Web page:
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Paleo-Antarctic puzzle

Imagining an Antarctica with trees and ferns — and without ice — may be difficult, but about 35 million years ago, as the supercontinent Pangea was breaking up, the now-frozen polar continent had a much more temperate climate. What exactly caused its shift to a deep freeze has long puzzled paleoclimatologists. New data and models — implicating carbon dioxide in the atmosphere — are challenging the idea that tectonics were to blame.

Even though Antarctica was at the south pole around 35 million years ago, it was warm and relatively ice free; then it abruptly froze. Early data showed that as Australia moved north and the Tasmanian Gap opened, cold counterclockwise currents replaced warm ones, isolating and chilling the continent. But new fossil data show the opposite, shown here, which may have had little effect on Antarctica’s growing ice sheets. Courtesy of Matthew Huber; modified by Mark Shaver.

During the shift from the warm Eocene to the cold Oligocene, permanent ice sheets finally established themselves on Antarctica, around 33.5 million years ago. About that time, the Tasmanian Gateway — a shallow sea that deepened and widened as Australia slowly drifted away from Antarctica — opened. Climate researchers hypothesized that the new notch in the ocean floor brought in cold currents that refrigerated the region.

James Kennett and his co-workers established that idea in 1975, using fossil evidence in cores from Deep Sea Drilling Project leg 29 in the Tasmanian region that supported a shift from warm to cold currents surrounding and isolating the Antarctic, generally flowing counterclockwise. Kennett, now at the University of California, Santa Barbara, and Neville Exon of Geoscience Australia extended the idea last December in an American Geophysical Union monograph, using past studies and new data from a more recent cruise, Ocean Drilling Program leg 189. But data from that same cruise also supports an opposite view, according to researchers who analyzed the region’s first four nearly continuous cores, covering the Eocene-Oligocene boundary.

The original hypothesis rested on microfossils with calcium-carbonate skeletons, says Catherine Stickley, a biostratigrapher at Cardiff University in the United Kingdom, not the silica-based and organic ones that are abundant throughout the new cores. Focusing on dinoflagellate cysts and diatoms (organic-walled and silica-containing microalgae), Stickley and her co-workers published a detailed assessment in the December Paleoceanography that tells a very different story.

The fossils date the gateway’s first deepening to 35.5 million years, about 2 million years before the Antarctic’s permanent glaciation. “In this instance, this is a sufficiently long time gap,” Stickley says, to lessen the linkage between the deepening and the permanent Antarctic glaciers. They also found that instead of moving from warm to cold currents, a cold clockwise current was characteristic of the region. And by the time the gateway finished deepening around 30.2 million years ago, a warm clockwise current had moved into the region from the subtropics, after the continent-wide ice was established.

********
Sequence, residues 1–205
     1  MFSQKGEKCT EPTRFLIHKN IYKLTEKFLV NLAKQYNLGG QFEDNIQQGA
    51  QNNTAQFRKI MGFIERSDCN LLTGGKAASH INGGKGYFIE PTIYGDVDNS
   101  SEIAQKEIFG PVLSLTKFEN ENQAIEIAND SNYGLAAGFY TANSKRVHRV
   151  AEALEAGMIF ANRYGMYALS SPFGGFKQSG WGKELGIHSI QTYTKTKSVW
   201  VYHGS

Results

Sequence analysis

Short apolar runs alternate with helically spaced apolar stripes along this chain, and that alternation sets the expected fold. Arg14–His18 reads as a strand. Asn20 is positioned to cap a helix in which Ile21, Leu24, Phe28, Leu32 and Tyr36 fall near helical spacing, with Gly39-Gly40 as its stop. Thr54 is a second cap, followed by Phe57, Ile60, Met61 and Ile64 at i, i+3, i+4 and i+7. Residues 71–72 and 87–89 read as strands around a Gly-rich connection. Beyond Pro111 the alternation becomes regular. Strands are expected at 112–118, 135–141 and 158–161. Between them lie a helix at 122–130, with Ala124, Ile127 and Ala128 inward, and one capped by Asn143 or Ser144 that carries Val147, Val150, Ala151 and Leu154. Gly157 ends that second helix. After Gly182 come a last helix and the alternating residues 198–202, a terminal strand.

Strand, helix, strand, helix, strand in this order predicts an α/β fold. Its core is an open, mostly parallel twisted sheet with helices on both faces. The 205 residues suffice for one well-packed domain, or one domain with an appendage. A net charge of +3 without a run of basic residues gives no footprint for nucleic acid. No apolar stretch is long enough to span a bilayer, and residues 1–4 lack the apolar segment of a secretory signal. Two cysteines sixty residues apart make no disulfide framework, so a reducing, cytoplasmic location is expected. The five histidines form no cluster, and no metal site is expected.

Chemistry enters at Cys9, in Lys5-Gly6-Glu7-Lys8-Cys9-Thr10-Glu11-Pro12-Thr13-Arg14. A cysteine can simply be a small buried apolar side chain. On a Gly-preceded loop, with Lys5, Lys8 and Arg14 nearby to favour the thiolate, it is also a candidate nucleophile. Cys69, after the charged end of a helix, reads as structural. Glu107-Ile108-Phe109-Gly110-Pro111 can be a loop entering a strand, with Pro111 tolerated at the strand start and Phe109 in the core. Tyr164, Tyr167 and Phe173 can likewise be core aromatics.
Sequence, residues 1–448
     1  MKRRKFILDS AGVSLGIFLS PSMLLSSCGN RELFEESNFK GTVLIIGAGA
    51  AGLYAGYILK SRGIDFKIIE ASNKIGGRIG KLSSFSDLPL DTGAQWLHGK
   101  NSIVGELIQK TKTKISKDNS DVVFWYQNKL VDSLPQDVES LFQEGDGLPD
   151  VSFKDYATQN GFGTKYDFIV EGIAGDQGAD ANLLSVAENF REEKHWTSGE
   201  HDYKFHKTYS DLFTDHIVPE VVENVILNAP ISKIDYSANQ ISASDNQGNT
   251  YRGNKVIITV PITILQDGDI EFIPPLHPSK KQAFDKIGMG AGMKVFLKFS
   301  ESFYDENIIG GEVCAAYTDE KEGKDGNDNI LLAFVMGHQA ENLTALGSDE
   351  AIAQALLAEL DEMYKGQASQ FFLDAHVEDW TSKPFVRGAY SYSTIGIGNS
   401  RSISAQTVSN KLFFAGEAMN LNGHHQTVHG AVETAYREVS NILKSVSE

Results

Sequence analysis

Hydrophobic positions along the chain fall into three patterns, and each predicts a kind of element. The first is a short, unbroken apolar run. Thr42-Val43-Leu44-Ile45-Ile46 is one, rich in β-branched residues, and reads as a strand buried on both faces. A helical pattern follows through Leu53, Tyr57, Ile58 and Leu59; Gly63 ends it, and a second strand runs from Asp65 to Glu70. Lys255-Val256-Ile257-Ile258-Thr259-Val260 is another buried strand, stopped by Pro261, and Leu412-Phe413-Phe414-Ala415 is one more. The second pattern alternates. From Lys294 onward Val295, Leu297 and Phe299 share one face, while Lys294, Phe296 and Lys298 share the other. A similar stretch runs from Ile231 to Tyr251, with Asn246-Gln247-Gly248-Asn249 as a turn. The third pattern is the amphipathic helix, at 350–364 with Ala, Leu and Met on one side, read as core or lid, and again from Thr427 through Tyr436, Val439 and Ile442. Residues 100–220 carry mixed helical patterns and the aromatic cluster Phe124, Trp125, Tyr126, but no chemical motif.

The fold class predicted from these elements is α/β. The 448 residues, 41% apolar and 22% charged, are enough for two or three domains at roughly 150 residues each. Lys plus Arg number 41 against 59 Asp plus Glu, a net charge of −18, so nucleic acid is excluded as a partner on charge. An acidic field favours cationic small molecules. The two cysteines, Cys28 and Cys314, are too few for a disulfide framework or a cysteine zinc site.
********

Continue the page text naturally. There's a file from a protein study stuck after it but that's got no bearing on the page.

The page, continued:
As reported in a companion paper by a team led by Matthew Huber of Purdue University, a co-author on Stickley and colleagues’ paper, models show that early warm currents in the region did not keep the continent warm, as they were flowing in the wrong direction. The deepening of the gateway and timing of glaciation was coincidental, they hypothesize. Instead, they say, a serendipitous combination of the planet’s orbital cycles, where seasons remained cool enough to maintain ice at the pole year-round, and changes in greenhouse gases in the atmosphere seem to have collaborated to cool the region and promote the growth of the Antarctic ice sheet.

The idea that atmospheric carbon could be the culprit was first put forward several years ago, most notably in a model by Rob DeConto of the University of Massachusetts, Amherst, and Dave Pollard of Pennsylvania State University, in 2003. Although Huber’s team’s new model focuses on oceans, and DeConto and Pollard’s on ice, “we’re converging on the same conclusion,” DeConto says. “The opening of the southern ocean gateways seem not to have had … as big an effect on Antarctica.” Although the deepening could have been a trigger, glaciation probably would have happened anyway, he says.

Kennett says that the microfossil data do not agree with Huber and colleagues’ model. Kennett notes that some of the open-ocean microfossils and closer-to-shore assemblages indicate different water temperatures. “The opening and closing of gateways has an effect,” he says.

“People often believe that, intuitively, if you have an extreme and rapid change, there must be a rapid forcing,” says Paul Wilson of the Southampton Oceanography Centre, in the United Kingdom, but more gradual changes can also bring systems to the brink. Wilson, who favors the carbon-loaded atmosphere as the agent of change at a time when Earth’s orbit was just right, says that determining the cause of the “switching point” in ancient Antarctica, from small or nonexistent ice sheets to a continent-wide glacier, may have important implications for carbon-loading in today’s Antarctic atmosphere.

Naomi Lubick

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